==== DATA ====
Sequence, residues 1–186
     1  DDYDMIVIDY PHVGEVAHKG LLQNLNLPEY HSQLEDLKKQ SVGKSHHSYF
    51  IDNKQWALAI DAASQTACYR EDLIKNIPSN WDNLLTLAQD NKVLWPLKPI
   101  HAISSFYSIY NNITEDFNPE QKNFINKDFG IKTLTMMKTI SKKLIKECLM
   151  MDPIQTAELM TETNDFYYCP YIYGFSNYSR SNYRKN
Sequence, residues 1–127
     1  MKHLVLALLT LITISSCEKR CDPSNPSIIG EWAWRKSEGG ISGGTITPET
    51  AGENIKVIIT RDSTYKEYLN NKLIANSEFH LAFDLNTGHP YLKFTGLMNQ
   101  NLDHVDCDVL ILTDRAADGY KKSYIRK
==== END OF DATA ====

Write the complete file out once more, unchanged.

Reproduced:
Sequence, residues 1–186
     1  DDYDMIVIDY PHVGEVAHKG LLQNLNLPEY HSQLEDLKKQ SVGKSHHSYF
    51  IDNKQWALAI DAASQTACYR EDLIKNIPSN WDNLLTLAQD NKVLWPLKPI
   101  HAISSFYSIY NNITEDFNPE QKNFINKDFG IKTLTMMKTI SKKLIKECLM
   151  MDPIQTAELM TETNDFYYCP YIYGFSNYSR SNYRKN
Sequence, residues 1–127
     1  MKHLVLALLT LITISSCEKR CDPSNPSIIG EWAWRKSEGG ISGGTITPET
    51  AGENIKVIIT RDSTYKEYLN NKLIANSEFH LAFDLNTGHP YLKFTGLMNQ
   101  NLDHVDCDVL ILTDRAADGY KKSYIRK